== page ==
ISRO’s record of innovation: Bullock cart to launching 180 foreign satellites
To many, Wednesday’s triumph once again underlined the credibility of India’s space technology, despite the country’s antiquated industrial processes and manufacturing record, and the brilliance of its poorly paid scientists.
In 1981, when India’s space scientists grappled with the challenge of finding a metal-free transportable platform for its new satellite, they turned to an improbable frugal innovation. As the world watched amazed, Indian scientists wheeled out their gleaming, new satellite on a creaking, old bullock cart.
More than three decades on, as Indian scientists successfully launched more than 100 nano satellites on a single rocket, creating what they said was a record, it was still, in part, the same amazing story of endless tweaking and recycling of delicate equipment to keep costs down and tide over technology constraints.
To many, Wednesday’s triumph once again underlined the credibility of India’s space technology, despite the country’s antiquated industrial processes and manufacturing record, and the brilliance of its poorly paid scientists whose only reward, perhaps, is the collective national pride their work generates.
“This is a great moment for each and every one of us. Today we have created history,” said project director B Jayakumar.
Prime Minister Narendra Modi also tweeted his congratulations on the launch by the state-run Indian Space Research Organisation (ISRO).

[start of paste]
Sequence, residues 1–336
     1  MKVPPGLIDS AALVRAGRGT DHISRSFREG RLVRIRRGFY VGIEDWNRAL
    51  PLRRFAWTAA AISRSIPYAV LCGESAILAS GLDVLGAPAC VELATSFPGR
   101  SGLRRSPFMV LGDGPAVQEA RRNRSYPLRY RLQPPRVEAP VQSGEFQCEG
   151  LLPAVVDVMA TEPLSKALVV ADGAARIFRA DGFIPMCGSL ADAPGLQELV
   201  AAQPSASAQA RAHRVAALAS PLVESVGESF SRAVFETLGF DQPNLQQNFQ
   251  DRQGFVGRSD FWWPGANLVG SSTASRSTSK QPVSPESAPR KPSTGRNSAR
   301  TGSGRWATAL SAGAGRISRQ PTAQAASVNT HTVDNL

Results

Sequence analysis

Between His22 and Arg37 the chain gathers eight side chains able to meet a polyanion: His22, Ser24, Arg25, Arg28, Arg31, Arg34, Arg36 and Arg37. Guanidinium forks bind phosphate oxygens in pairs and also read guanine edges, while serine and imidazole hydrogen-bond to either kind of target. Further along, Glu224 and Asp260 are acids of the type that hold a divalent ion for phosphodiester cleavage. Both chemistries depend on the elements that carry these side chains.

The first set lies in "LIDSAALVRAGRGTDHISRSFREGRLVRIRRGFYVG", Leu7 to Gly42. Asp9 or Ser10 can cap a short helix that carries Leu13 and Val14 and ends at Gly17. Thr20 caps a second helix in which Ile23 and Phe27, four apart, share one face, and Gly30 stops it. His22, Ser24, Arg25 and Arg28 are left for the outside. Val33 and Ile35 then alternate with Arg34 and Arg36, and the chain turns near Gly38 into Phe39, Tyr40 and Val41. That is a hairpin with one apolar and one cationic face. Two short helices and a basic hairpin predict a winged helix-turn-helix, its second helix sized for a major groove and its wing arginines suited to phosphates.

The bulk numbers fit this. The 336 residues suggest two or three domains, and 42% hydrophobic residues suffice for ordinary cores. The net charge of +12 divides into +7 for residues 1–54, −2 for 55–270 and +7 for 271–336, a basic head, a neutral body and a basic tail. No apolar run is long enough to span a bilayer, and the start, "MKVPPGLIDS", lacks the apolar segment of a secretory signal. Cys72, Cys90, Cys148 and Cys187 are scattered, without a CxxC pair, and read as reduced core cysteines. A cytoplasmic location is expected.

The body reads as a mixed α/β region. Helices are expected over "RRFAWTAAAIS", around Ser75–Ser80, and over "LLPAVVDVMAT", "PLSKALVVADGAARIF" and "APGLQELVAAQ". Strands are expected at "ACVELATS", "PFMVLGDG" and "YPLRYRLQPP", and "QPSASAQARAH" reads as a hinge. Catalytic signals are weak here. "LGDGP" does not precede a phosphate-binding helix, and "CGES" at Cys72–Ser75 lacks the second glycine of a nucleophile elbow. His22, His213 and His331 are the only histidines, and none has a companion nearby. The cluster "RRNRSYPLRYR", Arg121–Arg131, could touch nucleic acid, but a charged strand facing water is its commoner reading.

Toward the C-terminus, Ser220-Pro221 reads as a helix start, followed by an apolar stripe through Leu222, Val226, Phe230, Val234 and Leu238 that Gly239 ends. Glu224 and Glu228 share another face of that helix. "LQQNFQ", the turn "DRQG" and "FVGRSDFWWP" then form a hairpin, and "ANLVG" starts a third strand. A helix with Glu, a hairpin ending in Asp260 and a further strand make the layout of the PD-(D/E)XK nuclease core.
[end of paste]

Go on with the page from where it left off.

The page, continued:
“This remarkable feat by Isro is yet another proud moment for our space scientific community and the nation,” he said. “India salutes our scientists.”
For Wednesday’s launch, ISRO’s scientists had to ensure the 104 satellites – most of them under 10 kgs each, did not collide.
“But our teams came up with very good solutions. The integration part was also done very well by our team,” said Jayakumar.
For a national space programme that saw its first scientists functioning out of an abandoned church, much of the workaround at ISRO is out of sheer necessity.
After India carried out nuclear-weapons tests in 1974, its access to technical know-how and sophisticated technology was limited.
As for money, there was never enough. India currently spends a little over $1 billion a year on its space programme. In comparison, US space agency NASA had a budget of about $19.3 billion for 2017.
To Mars on a shoestring
In September 2014, India successfully guided a spacecraft into orbit around Mars, becoming the only country to do so after the United States, the former Soviet Union and the European Space Agency.
To keep costs down for its first inter-planetary mission, affectionately nicknamed MOM, scientists relied on technologies they had used before and kept the size of the payload small, at 15 kg. They saved on fuel by using a smaller rocket that was adapted from a launch vehicle that first flew in 1993. Only one physical model of the Mangalyaan was built.
ISRO engineers employed an unusual “slingshot” method for Mangalyaan’s interplanetary journey.
Lacking enough rocket power to blast directly out of Earth’s atmosphere and gravitational pull, it orbited the Earth for several weeks while building up enough velocity to break free. That helped avoid using a more expensive more expensive heavy launch vehicle.
Two-thirds of the craft’s parts were made by Indian companies such as Larsen & Toubro and Godrej & Boyce.
The Mars mission was delivered on a shoestring budget of $74 million, less than the price of the cheapest passenger jet from Boeing. Or the cost of making the Hollywood blockbuster ‘Gravity’ on which about $100 million was spent.
(This is an updated article first published in September, 2014)